• This insight into magnetic field characteristics offers invaluable information about the nature of the celestial bodies.
  • Details about Black Hole Surroundings
    • Regions around black holes, where matter spirals in the form of a disc before succumbing to the gravitational pull, emit X-rays.
    • Initially unpolarised, these X-rays acquire polarization after reflection and scattering from the surrounding environment.
    • This transformation in polarisation becomes a crucial tool for astronomers like how sunlight becomes polarised after interaction with atmospheric particles.
    • Examining polarised X-rays in this context allows scientists to unravel essential details about the structure and conditions near black holes.
  • Will Expand Astronomical Understanding
    • The ability to measure the polarisation of X-rays from celestial objects significantly expands the toolkit available to astronomers.
    • It unveils details that would remain obscured when solely relying on other observational methods.

Challenges in X-Ray Polarisation Studies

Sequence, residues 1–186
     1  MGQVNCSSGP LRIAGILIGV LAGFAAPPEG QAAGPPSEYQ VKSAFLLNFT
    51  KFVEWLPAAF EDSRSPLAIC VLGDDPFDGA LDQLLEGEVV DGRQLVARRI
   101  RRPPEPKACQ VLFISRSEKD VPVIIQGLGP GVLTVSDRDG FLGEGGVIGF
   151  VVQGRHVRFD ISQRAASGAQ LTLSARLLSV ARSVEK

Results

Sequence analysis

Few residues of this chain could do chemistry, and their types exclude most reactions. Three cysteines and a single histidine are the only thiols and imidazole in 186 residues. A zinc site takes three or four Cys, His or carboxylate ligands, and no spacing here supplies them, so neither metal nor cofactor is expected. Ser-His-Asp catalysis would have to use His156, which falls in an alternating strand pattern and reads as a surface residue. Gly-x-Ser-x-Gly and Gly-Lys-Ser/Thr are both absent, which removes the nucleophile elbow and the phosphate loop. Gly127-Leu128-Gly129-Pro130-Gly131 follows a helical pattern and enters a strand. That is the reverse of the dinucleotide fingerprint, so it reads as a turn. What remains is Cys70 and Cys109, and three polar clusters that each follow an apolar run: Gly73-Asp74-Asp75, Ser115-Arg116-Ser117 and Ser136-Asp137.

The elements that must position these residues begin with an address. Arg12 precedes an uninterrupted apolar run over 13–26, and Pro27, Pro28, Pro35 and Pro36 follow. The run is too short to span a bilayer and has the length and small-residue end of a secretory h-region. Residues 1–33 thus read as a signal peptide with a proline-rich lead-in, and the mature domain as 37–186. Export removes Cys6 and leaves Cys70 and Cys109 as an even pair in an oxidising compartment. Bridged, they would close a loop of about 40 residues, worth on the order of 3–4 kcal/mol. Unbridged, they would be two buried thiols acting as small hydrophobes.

• High Energy Constraints
    • Collecting cosmic X-rays poses a unique set of challenges, primarily because their high energy makes conventional methods of focusing, such as using lenses for visible light, impractical.
    • Unlike visible light, which can be directed and concentrated with lenses, X-rays require alternative methods for observation due to their penetrative nature and high energy levels.
  • Earth's Atmosphere
    • Another substantial challenge arises from the Earth's atmosphere, which absorbs a significant portion of incoming X-rays.
    • This atmospheric absorption makes ground-based X-ray observations challenging and often unreliable.
  • Feeble Radiation and Instrumentation Limitations
    • Cosmic X-rays present a challenge due to their relatively feeble nature.
    • This feebleness necessitates highly sensitive instruments for detection, adding complexity to the design and deployment of X-ray detectors.
    • Previous attempts at X-ray astronomy have involved balloon-borne and short-lived instruments.